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Banking in Surea is a service industry that has grown significantly in recent years. Total banking assets under management in the Republic of Surea rose from about US$95 billion in 1998 to about US$410 billion in 2005.

Surea has attracted assets formerly held in Swiss banks for several reasons, including new taxes imposed on Swiss accounts and a weakening of Swiss bank secrecy.

Tax evasion is illegal in Surea; however, according to an Organisation for Economic Co-operation and Development official, Surean authorities tend to cooperate with other countries' tax authorities only when evasion of Surea taxes is involved.

The finance industry in Surea is regulated by the Bank of Surea.

The "big four" banks in Surea are: Aurora Financial Group, Daigun Financial Group, Kyung'yu Financial Group, and Miyapura Shinju Financial Group

Supervisory bodies[]

The Bank of Surea is Surea’s central bank, which formulates and implements monetary policy. The BOS maintains the banking sector's payment, clearing and settlement systems, and manages official foreign exchange and gold reserves. It oversees the National Administration of Foreign Exchange (NAFE) for setting foreign-exchange policies.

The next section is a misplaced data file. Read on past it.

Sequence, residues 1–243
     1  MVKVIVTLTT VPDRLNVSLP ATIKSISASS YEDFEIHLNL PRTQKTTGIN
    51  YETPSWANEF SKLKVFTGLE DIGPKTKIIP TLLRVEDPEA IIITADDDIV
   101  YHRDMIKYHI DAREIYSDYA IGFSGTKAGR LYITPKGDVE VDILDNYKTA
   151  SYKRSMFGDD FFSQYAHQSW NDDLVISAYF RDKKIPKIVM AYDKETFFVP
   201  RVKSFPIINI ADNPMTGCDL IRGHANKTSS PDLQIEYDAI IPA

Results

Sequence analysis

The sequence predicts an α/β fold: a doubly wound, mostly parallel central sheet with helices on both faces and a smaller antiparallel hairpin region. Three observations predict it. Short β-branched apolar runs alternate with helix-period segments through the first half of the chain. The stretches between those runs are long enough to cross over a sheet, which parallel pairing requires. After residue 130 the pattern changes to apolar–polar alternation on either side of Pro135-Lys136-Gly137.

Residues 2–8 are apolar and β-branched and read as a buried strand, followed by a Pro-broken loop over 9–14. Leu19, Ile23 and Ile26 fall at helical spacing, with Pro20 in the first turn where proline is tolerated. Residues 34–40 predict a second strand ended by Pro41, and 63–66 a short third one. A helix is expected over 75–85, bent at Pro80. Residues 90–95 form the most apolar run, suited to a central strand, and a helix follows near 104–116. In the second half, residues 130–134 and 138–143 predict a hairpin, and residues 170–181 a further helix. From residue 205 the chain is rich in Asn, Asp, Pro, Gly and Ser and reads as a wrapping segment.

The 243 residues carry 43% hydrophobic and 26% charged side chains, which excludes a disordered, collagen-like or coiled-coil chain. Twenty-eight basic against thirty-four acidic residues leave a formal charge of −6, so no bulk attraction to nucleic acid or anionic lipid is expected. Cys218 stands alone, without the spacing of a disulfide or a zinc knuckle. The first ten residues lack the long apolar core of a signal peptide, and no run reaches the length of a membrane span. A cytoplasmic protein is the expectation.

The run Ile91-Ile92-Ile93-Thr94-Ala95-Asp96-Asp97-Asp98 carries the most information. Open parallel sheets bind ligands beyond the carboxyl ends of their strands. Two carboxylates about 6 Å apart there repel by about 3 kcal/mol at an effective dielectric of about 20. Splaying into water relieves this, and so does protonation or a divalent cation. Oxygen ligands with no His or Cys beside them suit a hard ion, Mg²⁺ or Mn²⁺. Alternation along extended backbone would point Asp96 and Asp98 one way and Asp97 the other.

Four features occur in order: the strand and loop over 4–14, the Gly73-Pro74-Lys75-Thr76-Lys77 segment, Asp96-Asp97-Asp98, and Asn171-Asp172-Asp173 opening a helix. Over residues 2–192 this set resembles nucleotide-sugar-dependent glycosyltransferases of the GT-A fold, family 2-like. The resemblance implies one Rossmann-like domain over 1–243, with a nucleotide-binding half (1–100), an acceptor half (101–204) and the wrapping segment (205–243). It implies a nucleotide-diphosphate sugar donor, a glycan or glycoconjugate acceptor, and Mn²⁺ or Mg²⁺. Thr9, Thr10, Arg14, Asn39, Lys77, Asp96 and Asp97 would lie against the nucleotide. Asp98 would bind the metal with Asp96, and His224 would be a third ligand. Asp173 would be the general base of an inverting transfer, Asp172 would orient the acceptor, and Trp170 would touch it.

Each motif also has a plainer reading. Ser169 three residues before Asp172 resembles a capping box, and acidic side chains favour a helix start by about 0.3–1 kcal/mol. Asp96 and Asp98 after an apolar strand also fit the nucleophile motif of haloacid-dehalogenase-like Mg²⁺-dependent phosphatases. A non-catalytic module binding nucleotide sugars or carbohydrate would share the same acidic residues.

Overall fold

According to the 1998 Central Bank law, BOS has full autonomy in applying the monetary instruments, including setting interest rate for commercial banks and trading in government bonds.

Credit and Debit cards[]

By the end of the first quarter of 2009, about 1,988,774,600 (1.98 billion) bank cards have been issued in Surea. Of these cards, 1,809,784,886 (1.8 billion) or 91% were debit cards, while the rest (178,989,714, or 178.9 million) were credit cards.

At the end of 2008, Surea had approximately 1.64 million POS machines and 147,500 ATMs. About 1 million merchants in Surea accept banking cards.

On 2009, every bank in Surea began to issue a dual-currency card, allowing cardholders to purchase goods within Surea in JUY and overseas in US dollars.

According to a 2003 research study by VISA, the average per transaction purchase with a card was USD 253. Consumers used their credit cards mainly to purchase houses, vehicles, and home appliances, as well as to pay utility bills. One major issue is the lack of a national credit bureau to provide credit information for banks to evaluate individual loan applicants. In 2004, the Bank of Surea established the first personal credit data organization involving 15 commercial banks. The Surean Government, aiming to promote a nationwide credit system, has also set up a credit system research group. At present, large cities, such as Konggei, Hondu, Jokong, Tengei, Dongdu and Shidu, are calling for a reliable credit data system. The BOS is currently evaluating the feasibility of establishing a nationwide credit bureau.

Products and services in the credit card system that the Surea government wants to develop are credit card-related hardware, including POS and ATMs, credit card-related software for banks and merchants; and Credit and risk management training programs.

See also[]